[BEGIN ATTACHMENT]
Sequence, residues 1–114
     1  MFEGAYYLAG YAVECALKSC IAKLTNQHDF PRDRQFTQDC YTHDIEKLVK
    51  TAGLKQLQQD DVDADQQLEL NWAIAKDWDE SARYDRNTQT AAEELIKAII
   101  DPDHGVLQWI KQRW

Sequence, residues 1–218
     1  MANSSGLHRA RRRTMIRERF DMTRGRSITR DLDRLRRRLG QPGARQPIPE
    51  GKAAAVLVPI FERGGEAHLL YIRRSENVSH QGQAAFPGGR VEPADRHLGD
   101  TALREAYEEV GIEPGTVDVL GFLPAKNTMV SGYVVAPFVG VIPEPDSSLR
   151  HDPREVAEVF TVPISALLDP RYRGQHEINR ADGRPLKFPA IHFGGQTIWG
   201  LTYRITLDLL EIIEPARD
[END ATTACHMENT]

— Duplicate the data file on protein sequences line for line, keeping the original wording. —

Sequence, residues 1–114
     1  MFEGAYYLAG YAVECALKSC IAKLTNQHDF PRDRQFTQDC YTHDIEKLVK
    51  TAGLKQLQQD DVDADQQLEL NWAIAKDWDE SARYDRNTQT AAEELIKAII
   101  DPDHGVLQWI KQRW

Sequence, residues 1–218
     1  MANSSGLHRA RRRTMIRERF DMTRGRSITR DLDRLRRRLG QPGARQPIPE
    51  GKAAAVLVPI FERGGEAHLL YIRRSENVSH QGQAAFPGGR VEPADRHLGD
   101  TALREAYEEV GIEPGTVDVL GFLPAKNTMV SGYVVAPFVG VIPEPDSSLR
   151  HDPREVAEVF TVPISALLDP RYRGQHEINR ADGRPLKFPA IHFGGQTIWG
   201  LTYRITLDLL EIIEPARD